Ringwood Man Admits Bringing Illegally Killed Bear Into NY

RINGWOOD, N.J. -- A Ringwood man on Thursday admitted transporting an American black bear that he illegally killed across state lines to New York and then covering up the crime by staging a fake kill site using the animal's insides.

<p>The black bear weighed about 450 pounds, authorities said.</p>

The black bear weighed about 450 pounds, authorities said.

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Martin Kaszycki, 36, told a federal judge in Newark that it was out of hunting season in October 2012 when he killed the 450-pound male bear with a bow and arrow from an elevated tree stand near his business in Newfoundland, in violation of New Jersey state law.

It became a federal crime -- specifically: a violation of the Lacy Act -- when he drove the dead animal across state lines to New York and told a weigh station employee that he bagged the bear in the New York section of Sterling Forest, U.S. Attorney Paul J. Fishman said.

Kaszycki said he then drove the hide and skull to a Pennsylvania taxidermy shop to arrange for the parts to be mounted for a trophy display.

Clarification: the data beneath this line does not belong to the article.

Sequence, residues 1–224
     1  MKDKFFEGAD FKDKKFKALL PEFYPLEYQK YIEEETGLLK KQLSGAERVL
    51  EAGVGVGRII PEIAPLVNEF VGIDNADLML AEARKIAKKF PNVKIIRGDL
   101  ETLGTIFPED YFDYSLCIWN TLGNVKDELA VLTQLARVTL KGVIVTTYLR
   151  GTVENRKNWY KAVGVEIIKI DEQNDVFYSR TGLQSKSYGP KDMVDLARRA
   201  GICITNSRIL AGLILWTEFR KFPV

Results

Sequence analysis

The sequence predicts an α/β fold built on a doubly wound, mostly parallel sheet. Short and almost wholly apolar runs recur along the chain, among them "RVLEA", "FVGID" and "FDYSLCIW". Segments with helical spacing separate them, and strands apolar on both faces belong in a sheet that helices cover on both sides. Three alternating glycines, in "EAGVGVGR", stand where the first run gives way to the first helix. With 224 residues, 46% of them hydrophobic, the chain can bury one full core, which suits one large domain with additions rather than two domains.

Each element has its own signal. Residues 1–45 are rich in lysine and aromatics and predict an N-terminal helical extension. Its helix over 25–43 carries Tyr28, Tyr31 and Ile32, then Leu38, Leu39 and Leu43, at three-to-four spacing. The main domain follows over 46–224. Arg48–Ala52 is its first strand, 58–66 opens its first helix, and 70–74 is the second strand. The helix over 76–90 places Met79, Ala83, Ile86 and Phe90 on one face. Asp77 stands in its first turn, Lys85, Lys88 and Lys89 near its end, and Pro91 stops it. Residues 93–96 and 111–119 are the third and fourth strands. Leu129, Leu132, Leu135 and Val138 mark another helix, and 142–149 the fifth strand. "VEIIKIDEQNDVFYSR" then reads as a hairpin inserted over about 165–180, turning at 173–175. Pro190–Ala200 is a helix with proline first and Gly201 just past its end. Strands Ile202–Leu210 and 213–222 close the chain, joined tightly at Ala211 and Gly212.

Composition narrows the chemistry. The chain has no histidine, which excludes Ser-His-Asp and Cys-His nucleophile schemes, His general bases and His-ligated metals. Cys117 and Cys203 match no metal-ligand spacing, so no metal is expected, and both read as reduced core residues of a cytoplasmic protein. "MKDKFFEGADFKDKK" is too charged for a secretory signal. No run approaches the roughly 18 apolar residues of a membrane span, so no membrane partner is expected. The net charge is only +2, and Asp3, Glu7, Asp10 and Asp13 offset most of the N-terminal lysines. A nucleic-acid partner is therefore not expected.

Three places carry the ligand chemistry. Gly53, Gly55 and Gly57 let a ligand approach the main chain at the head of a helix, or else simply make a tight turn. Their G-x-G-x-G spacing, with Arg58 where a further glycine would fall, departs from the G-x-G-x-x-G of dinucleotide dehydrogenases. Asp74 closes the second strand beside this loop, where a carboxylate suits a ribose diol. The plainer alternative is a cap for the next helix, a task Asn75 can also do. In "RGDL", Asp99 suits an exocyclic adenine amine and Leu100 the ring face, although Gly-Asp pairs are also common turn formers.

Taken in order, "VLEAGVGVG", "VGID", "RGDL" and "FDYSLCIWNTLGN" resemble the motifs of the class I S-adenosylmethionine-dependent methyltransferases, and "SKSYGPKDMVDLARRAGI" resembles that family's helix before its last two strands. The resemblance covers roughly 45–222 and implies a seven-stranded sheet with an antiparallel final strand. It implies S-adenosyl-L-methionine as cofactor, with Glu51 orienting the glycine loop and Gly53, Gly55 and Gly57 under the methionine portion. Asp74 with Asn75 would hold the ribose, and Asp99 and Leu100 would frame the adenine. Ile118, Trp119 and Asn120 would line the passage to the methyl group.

N.J. Division of Fish and Wildlife officers later confronted Kaszycki, who the U.S. attorney said told them he'd killed the bear in New York.

Later that night, Kaszycki drove the bear's guts of the bear to Sterling State Forest in New York and staged the bogus kill site, Fishman said.

Confronted again by state authorities, he brought inspectors to the site, he said.

As part of his plea agreement, Kaszycki must pay a fine of $5,000 to the U.S. Fish and Wildlife Service Lacey Act Reward Fund. He must also forfeit the skull and hide and pay $1,250 to the Woodlands Wildlife Refuge for the care and release of orphaned and injured American black bears in New Jersey.

The judge released Kaszycki on an unsecured $10,000 bond with the condition that he surrender his hunting license and refrain from hunting pending a Feb. 17 sentencing.

Fishman credited special agents of the U.S. Fish and Wildlife Service, Office of Law Enforcement, as well as the N.J. Division of Fish and Wildlife. Handling the case for the government is Assistant U.S. Attorney Kathleen P. O’Leary of Fishman's Health Care and Government Fraud Unit in Newark.

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